Queen’s Anniversary Prizes
The work of the University has been honoured with Queen's Anniversary Prizes for Higher and Further Education three times since 2007..
The Prizes are awarded, within the honours system, for exceptional contributions by institutions in the higher and further education sectors.
We were awarded the prize in 2019 for the work of our Durrell Institute of Conservation and Ecology (DICE). The official announcement took place at St James’s Palace on 21 November 2019 and the award will be presented at Buckingham Palace in February 2020.
Since its foundation, DICE has been a leader in the field of global conservation, and instrumental in supporting applied research and capacity building in this area. It is the largest UK higher education institute to undertake this work, offering interdisciplinary undergraduate and postgraduate courses in wildlife conservation. To date, over 1,000 conservationists from over a hundred countries have trained with DICE.
The award is a much-deserved tribute to the exceptional work of DICE and the outstanding contribution it has made to global conservation over the past 30 years. In particular, I would like to congratulate Professor Bob Smith for his hard work as its Director.
We were awarded the prize in 2013 for the work of our Tizard Centre. The official announcement took place at St James’s Palace on Thursday 21 November 2013 and The Queen presented the award at Buckingham Palace on Thursday 27 February 2014.
For more than 30 years, the Tizard Centre has worked to improve the lives of people with Intellectual and Developmental Disabilities (IDD) and their families, focusing on the relationship between policy, management and practice to bring about improvements in the quality of their lives.
I am delighted that the Tizard Centre should receive such an accolade. It is a tribute to the outstanding work of the staff and students at the Centre and to the difference they make to the lives of people with disabilities and their families.
The Tizard Centre has an international reputation for its cutting-edge research and practice. Over the years, it has trained hundreds of practitioners through distinctive practice-based undergraduate and postgraduate programmes and regularly advises government on issues relating to challenging and offending behaviour, profound multiple disability and sexual abuse among people with IDD. The Centre’s impact is world-wide, extending to East and Central Europe, where it has undertaken vital work on ‘deinstitutionalisation’, as well as to Ireland, Japan, Australia and New Zealand.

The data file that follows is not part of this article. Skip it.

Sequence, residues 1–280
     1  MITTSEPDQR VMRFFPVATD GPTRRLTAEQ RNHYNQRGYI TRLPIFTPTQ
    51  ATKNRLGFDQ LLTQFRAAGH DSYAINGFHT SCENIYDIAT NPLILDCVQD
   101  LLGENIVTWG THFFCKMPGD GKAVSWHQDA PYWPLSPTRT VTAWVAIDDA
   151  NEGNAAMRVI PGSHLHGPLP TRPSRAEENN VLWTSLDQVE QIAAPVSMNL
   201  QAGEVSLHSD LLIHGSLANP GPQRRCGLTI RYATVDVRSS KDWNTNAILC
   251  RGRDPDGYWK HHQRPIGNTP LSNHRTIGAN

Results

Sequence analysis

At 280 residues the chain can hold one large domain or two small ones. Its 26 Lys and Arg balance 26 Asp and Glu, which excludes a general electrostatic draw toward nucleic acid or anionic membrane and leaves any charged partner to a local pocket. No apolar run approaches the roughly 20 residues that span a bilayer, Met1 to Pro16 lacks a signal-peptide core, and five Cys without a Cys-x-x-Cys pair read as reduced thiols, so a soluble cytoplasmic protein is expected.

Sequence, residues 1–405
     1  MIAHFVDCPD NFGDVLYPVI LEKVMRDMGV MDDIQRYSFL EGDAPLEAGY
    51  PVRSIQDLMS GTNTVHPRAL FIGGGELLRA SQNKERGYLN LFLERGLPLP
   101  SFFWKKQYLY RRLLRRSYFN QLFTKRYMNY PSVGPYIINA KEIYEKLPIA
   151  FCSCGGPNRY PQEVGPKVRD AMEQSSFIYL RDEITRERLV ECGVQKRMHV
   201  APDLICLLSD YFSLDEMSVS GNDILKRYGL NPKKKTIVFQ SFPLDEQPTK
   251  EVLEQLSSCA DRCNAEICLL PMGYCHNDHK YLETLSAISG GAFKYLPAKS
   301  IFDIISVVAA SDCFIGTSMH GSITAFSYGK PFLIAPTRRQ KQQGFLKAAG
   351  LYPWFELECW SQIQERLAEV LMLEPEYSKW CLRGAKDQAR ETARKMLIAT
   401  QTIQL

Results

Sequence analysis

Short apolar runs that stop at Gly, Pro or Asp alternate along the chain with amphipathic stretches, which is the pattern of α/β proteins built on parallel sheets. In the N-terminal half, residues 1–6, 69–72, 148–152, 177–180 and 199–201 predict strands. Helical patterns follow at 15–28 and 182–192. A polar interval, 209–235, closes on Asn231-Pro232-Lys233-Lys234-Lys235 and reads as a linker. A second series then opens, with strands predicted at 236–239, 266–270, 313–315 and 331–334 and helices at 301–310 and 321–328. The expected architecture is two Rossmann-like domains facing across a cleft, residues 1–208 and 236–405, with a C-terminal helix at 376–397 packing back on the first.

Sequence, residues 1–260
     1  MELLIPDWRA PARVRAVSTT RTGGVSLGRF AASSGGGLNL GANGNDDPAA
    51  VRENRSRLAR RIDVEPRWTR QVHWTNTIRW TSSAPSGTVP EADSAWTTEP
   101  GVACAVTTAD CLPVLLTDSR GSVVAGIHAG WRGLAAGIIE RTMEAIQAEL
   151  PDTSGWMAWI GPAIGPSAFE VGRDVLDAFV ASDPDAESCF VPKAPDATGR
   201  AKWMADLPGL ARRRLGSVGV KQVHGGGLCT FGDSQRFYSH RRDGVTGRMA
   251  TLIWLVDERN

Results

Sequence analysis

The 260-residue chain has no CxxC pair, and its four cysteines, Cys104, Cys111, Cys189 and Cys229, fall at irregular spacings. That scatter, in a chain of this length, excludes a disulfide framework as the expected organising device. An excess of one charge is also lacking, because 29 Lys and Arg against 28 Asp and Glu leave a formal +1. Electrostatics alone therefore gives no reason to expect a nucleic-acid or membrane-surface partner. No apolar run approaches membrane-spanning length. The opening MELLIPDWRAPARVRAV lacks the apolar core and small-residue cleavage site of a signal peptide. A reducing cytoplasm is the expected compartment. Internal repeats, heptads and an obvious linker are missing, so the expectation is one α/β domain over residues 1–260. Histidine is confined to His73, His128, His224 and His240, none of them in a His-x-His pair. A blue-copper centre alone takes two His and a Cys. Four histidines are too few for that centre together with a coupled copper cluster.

We were awarded the prize in 2007 for the work of our Kent Law Clinic. The official announcement took place at St James’s Palace on Thursday 15 November 2007 and The Queen presented the award at Buckingham Palace on Thursday 14 February 2008.
The Clinic was honoured for 'enriching the academic study of law through a casework service to the community'. Through its outstanding outreach activities, the Kent Law Clinic provides a free legal advice and representation service to the local community in Canterbury and Medway and delivers a first-class legal education to law undergraduates.
About The Queen's Anniversary Prizes for Higher and Further Education
The Prizes are a biennial award scheme which is within the UK’s national honours system. As such they are the UK’s most prestigious form of national recognition open to a UK academic or vocational institution. The honour is distinctive in recognising the institution rather than an individual or team. The scheme was established in 1993 with the approval of The Queen and all-party support in Parliament.
All eligible universities and colleges in the UK are invited to enter the biennial rounds of the scheme. The assessment process is overseen by the Awards Council of the Trust which makes the final recommendations which are submitted to the Prime Minister for advice to The Queen.